Who Worked in Wool & Wood
For Mary Weldon Draper 1885-1968
Weathered clapboards are chipped to dull mottle
where macadam cracks with weeds and heave.
The buildings of the mill sit vacant,
in testament to an age of weave
and weft, of knits and felts made
now in other hemispheres;
machinery long sold off or scrapped,
relics from an old forgotten time,
all of it destined to disappear.
I suppose that, at 19, you knew
about drum carders and kept count on rovings,
might have known who worked too slow
to be much good on the floor.
Maybe you worked in the fulling room
where all the wool got scoured and you
kept track of thrumming from the loom,
learned the mill from way down deep
and moved up fast and well, transformed
like soft waste, that first bit of wool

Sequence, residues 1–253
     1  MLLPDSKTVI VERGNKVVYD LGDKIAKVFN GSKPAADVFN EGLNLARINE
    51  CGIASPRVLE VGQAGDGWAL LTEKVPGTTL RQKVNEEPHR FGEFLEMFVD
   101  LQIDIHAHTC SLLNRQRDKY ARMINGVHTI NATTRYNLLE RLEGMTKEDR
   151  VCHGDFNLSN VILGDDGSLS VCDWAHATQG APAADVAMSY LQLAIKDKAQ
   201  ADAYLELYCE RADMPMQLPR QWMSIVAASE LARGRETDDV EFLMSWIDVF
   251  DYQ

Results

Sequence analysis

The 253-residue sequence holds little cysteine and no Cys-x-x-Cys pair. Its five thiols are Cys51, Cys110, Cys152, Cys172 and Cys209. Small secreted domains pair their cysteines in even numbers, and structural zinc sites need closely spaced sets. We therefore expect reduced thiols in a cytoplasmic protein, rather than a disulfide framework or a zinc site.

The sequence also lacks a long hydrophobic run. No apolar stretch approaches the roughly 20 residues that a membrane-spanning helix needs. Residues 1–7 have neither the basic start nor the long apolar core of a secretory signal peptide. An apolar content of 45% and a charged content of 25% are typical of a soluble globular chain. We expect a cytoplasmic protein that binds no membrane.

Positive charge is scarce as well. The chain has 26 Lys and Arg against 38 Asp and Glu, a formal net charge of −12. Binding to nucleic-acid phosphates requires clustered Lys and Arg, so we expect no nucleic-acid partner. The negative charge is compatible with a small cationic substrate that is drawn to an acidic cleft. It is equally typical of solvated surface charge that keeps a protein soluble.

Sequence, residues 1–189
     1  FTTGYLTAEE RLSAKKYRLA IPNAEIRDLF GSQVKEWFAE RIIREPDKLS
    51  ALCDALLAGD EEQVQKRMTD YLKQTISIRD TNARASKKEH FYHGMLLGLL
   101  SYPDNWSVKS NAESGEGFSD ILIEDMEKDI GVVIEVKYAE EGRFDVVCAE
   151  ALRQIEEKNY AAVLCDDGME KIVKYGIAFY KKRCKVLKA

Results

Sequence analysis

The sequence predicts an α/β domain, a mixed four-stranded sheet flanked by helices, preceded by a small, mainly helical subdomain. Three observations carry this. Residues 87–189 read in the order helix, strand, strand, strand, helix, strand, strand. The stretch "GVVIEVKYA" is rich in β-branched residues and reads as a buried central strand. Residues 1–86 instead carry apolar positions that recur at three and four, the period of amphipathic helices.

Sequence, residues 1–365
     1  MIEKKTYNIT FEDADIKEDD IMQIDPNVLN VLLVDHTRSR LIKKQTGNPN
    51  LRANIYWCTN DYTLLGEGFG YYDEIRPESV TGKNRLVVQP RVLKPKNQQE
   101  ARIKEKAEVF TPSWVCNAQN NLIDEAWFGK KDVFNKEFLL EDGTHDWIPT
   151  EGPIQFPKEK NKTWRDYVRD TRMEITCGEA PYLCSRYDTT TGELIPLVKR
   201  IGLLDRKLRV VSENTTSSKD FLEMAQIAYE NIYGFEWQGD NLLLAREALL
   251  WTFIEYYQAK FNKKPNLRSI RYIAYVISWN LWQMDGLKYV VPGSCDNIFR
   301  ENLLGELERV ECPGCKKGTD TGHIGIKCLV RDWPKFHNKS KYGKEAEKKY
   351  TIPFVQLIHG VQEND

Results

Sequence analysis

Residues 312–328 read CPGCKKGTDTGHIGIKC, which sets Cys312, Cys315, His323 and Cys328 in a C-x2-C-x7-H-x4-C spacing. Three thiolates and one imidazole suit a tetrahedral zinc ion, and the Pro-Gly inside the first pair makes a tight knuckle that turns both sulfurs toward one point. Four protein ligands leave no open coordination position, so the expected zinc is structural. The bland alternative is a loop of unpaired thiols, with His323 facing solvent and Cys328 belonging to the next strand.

that drops from the carding machine
they’d gather and use for spinning good yarn.
You thought the man in charge of the knitting barn
had a spark in his eye when you’d pass by
in, say, nineteen-ought-five.
How it was then, for a girl of twenty?
where did you go
and what did you dream when
your childhood disappeared?
Old clippings told us:
at 30 you eloped, came back to the mill town
but never worked again.
how at 50 you’d be widowed
just beginning to learn yourself
carving wood in Chippendale style,
beds with acorn posts, table legs
with fetlocks and hooves,
and jointed claws grasping balls.
The feet of your furniture
nestle me now in a country where mills
make only whispers and echoes and
your chiseled works hold up
against the disappeared
pushing us, who follow, forward toward
By Mira Coleman, Bath
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